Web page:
Once fu­ri­ous over No­var­tis’ da­ta ma­nip­u­la­tion scan­dal, the FDA now says it’s noth­ing they need to take ac­tion on

Back in the BP era — Before Pandemic — the FDA ripped Novartis for its decision to keep the agency in the dark about manipulated data used in its application for Zolgensma while its marketing application for the gene therapy was under review.

Civil and criminal sanctions were being discussed, the agency noted in a rare broadside at one of the world’s largest pharma companies. Notable lawmakers cheered the angry regulators on, urging the FDA to make an example of Novartis, which fielded Zolgensma at $2.1 million — the current record for a one-off therapy.

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Covid-19 roundup: GSK, Am­gen tai­lor R&D work to fit the coro­n­avirus age; Doud­na's ge­nomics crew launch­es di­ag­nos­tic lab

You can add Amgen and GSK to the list of deep-pocket drug R&D players who are tailoring their pipeline work to fit a new age of coronavirus.

Following in the footsteps of a lineup of big players like Eli Lilly — which has suspended patient recruitment for drug studies — Amgen and GSK have opted to take a more tailored approach. Amgen is intent on circling the wagons around key studies that are already fully enrolled, and GSK has the red light on new studies while the pandemic plays out.

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In a stun­ning set­back, Amarin los­es big patent fight over Vas­cepa IP. And its high-fly­ing stock crash­es to earth

Amarin’s shares $AMRN were blitzed Monday evening, losing billions in value as reports spread that the company had lost its high-profile effort to keep its Vascepa patents protected from generic drugmakers.

Amarin had been fighting to keep key patents under lock and key — and away from generic rivals — for another 10 years, but District Court Judge Miranda Du in Las Vegas ruled against the biotech. She ruled that:
(A)ll the Asserted Claims are invalid as obvious under 35 U.S.C.§ 103. Thus, the Court finds in favor of Defendants on Plaintiff’s remaining infringementclaim, and in their favor on their counterclaims asserting the invalidity of the AssertedClaims under 35 U.S.C. § 103.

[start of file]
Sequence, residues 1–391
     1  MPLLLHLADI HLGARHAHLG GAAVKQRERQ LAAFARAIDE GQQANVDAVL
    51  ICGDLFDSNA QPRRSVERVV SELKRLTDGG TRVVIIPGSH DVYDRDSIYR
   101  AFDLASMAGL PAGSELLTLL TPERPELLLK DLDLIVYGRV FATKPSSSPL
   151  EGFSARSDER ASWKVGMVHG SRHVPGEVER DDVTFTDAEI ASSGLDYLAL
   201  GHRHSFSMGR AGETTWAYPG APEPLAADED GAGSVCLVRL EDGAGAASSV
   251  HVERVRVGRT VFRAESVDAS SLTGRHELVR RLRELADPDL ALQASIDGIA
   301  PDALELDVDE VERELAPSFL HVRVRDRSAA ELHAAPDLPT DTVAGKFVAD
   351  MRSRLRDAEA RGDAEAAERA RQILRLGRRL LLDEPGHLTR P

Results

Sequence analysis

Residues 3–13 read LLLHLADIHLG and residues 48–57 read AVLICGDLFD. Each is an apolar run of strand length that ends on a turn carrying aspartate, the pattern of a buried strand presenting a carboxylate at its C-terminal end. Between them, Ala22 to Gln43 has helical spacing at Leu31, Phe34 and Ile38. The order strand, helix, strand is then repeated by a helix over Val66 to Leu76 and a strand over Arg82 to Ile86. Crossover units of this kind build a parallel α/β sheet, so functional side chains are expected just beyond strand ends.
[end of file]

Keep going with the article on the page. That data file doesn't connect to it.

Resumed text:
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Covid-19 roundup: J&J, BAR­DA set ear­ly 2021 fin­ish line for $1B vac­cine race; FDA al­lows emer­gency drug use, ahead of piv­otal da­ta

J&J has zeroed in on a Covid-19 vaccine candidate that it hopes to begin testing in humans by September this year — with the extraordinary goal of getting it ready for emergency use in early 2021. And together with BARDA, it’s committing $1 billion to make it happen.

That kind of accelerated timeline would fall on the fast side of NIAID director Anthony Fauci’s well-publicized prediction that it would be another 12 to 18 months before a vaccine can be available for public use. A Phase I trial of Moderna’s mRNA vaccine began two weeks ago, and both the biotech and fellow mRNA player CureVac have discussed similar, if not even faster, timelines for emergency use among healthcare workers.

Mene Pangalos via YouTube

As­traZeneca says its block­buster Farx­i­ga proved to be a game-chang­er in CKD — wrap­ping PhI­II ear­ly

If the FDA can still hold up its end of the bargain, AstraZeneca is already on a short path to scooping up a cutting-edge win with a likely approval for their SGLT2 drug Farxiga in cutting the risk of heart failure. Now the pharma giant says it can point to solid evidence that the drug — initially restricted to diabetes — also works for chronic kidney disease, potentially adding a blockbuster indication for the franchise.

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It is 'kind of a proven tech­nol­o­gy': Hep B vac­cine mak­er joins glob­al hunt for coro­n­avirus vac­cine